Just like the old Shopsin's restaurant was part corner store, part diner, the new restaurant debuting at the same location is part high-end deli and part sit-down New American comfort-food emporium. Hence the name Market Table: part market, part table. In the photo below the dining area is in the foreground and the store shelves are in the distance beyond the door. Located at the corner of Carmine and Bedford Streets, the dining room features butcher block tables and tasteful lighting. There is definitely a rustic country house feel, but as one reviewer said, they don't hit you over the head with a rolling pin about it.
My adventurous dining partner Jamie and I managed to snag a reservation for last Friday night, but we had to resort to the 5:30 time slot. So the part market/part table became part lunch/part supper. Lupper.
We began with a winning medium-bodied white wine from the Cinque Terre region of Liguria, Italy. Jamie ordered the crispy calamari, which were moist and not at all rubbery. But there were surprises to be had! Tucked away in the pile were a few pieces of intense white anchovy. Eek! Fish bomb! And if you look very closely at the photo, you will notice that at the top of the pile are a few thin cross-section slices of lemon, breaded and fried. Now, that was a delightful surprise!I ordered the gnocchi with short ribs, escarole and parmesan, because short ribs are my weakness. Oh God, don't get me started. And these ribs didn't disappoint, although the gnocchi were a tad gummy.
Next Jamie went for the Maryland crab cake, singular in this case, and a lovely, rich specimen at that, presented atop a bed of savoy slaw and twinned with perfectly browned hand-cut fries. Talk about comfort food!
I couldn't resist the grilled Arctic char, a lean red fish akin to wild salmon. The last time I ate Arctic char was actually in the Arctic, but this was even better. The fish was perfectly cooked to buttery, melty medium-rare perfection. But the skin was the real surprise here. Although I usually eschew fish skin, this time I decided to chew it! The skin was crispy and light and provided the perfect contrast to the tender flesh. The blackening lent it a bitter undertone, but a few plump and sweet golden raisins resolved this nicely.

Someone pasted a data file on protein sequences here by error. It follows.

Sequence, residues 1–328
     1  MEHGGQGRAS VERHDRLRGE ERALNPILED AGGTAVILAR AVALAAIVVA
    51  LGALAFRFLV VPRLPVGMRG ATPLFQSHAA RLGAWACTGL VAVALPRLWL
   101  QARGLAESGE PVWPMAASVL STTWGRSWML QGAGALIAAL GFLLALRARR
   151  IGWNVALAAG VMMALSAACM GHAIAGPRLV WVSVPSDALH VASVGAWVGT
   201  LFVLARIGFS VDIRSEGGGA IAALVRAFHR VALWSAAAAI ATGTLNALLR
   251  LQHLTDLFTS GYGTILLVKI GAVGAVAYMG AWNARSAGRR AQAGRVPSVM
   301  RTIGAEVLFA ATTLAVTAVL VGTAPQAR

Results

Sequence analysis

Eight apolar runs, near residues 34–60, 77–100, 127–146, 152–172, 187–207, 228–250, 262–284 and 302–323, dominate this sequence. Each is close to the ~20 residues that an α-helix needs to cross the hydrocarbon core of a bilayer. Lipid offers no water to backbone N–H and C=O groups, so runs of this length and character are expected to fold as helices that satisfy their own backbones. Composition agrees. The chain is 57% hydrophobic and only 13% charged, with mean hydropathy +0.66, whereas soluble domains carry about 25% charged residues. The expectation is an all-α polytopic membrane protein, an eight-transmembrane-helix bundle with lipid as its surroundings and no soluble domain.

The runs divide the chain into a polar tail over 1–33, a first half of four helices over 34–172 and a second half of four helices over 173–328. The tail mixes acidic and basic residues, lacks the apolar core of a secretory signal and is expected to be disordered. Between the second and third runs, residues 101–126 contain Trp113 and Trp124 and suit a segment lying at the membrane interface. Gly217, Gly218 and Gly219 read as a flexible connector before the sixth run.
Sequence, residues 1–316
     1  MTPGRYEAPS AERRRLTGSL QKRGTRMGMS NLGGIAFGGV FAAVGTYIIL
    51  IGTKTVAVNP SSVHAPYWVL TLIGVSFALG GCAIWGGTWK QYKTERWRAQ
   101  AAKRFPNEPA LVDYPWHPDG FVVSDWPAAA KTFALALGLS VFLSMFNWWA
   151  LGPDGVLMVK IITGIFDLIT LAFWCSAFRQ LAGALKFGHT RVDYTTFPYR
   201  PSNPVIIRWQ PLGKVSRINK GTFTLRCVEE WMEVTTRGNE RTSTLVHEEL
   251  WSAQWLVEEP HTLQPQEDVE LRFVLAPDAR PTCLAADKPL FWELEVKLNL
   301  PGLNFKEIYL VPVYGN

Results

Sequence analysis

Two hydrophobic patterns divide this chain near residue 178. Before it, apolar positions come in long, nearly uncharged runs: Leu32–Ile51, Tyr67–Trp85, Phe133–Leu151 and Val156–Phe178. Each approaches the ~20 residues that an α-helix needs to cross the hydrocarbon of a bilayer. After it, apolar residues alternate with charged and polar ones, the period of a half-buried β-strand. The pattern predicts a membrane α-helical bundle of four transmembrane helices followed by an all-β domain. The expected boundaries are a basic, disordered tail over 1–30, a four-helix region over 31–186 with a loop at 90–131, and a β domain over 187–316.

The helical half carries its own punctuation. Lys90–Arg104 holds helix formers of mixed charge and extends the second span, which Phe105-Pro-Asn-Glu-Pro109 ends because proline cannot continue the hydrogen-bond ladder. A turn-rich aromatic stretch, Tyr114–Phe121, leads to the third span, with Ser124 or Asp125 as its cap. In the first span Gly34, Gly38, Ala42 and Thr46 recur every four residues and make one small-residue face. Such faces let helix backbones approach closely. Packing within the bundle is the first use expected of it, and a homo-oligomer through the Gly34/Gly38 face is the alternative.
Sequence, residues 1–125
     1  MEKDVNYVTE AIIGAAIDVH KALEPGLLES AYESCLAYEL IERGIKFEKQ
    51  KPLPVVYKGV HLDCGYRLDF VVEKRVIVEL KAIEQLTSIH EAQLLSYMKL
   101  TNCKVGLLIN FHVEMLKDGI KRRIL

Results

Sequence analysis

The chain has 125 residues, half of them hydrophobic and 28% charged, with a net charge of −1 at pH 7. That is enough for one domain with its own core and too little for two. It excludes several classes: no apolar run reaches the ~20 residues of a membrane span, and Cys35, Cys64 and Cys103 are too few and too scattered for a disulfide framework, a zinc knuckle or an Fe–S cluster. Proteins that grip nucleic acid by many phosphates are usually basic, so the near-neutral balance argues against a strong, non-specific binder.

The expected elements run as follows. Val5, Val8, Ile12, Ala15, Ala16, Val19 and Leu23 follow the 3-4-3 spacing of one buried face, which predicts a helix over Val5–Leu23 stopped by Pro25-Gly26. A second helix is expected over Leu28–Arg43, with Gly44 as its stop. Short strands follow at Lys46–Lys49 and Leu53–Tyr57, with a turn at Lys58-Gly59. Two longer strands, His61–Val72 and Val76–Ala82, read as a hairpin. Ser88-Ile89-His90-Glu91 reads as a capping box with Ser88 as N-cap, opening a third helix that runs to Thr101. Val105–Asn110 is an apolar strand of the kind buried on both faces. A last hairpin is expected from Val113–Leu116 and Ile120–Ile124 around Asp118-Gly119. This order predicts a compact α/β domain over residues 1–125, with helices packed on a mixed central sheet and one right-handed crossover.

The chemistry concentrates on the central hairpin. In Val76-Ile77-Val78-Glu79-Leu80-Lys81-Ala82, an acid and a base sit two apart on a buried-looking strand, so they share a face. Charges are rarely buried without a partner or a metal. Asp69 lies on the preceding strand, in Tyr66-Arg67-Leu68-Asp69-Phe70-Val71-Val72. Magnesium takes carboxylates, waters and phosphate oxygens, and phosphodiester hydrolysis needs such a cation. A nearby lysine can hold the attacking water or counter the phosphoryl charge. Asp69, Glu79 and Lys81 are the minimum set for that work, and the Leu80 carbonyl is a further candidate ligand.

As good as the char was, the supporting character in this dish almost stole the show. Nestled beneath the fillet was a generous warm dollop of mushroom-radicchio risotto. A number of different types of mushrooms added interest, and the cream of the risotto was balanced nicely by the acid notes of balsamic vinegar drizzled around the perimeter.
Well, no meal is complete without a fine dessert, so Jamie ordered the pistachio muffin with a schmear of mascarpone cheese and an accompaniment of roasted pear. It's a playful touch to see a muffin on a menu like this. Nothing thrilling, but the pears were nice.
Did someone say "thrilling"? In moments like these, it's hard to beat chocolate. That's why I ordered the devil's food cake with chocolate-sour cream frosting and chocolate gelato. Oddly, the cake was a bit dry and almost tough, but all was forgiven (in fact, forgotten) upon tasting the gelato. I mean, I didn't just forget about the cake, or even the preceding meal; I forgot my name and address. This gelato was sick. My eyes rolled back in my head, and just as Jamie was about to dial 911, I managed to utter the phrase, "Try the gelato." She did so, and was "stirred."After a little research, I discovered that the gelato comes from an outside source, namely Il Laboratorio del Gelato of the Lower East Side. I sense a field trip coming on (and subsequent blog, of course). This photo is really quite telling because, as Jamie observed, "It looks like the cake is licking the ice cream (and who could blame the cake?)." Who, indeed.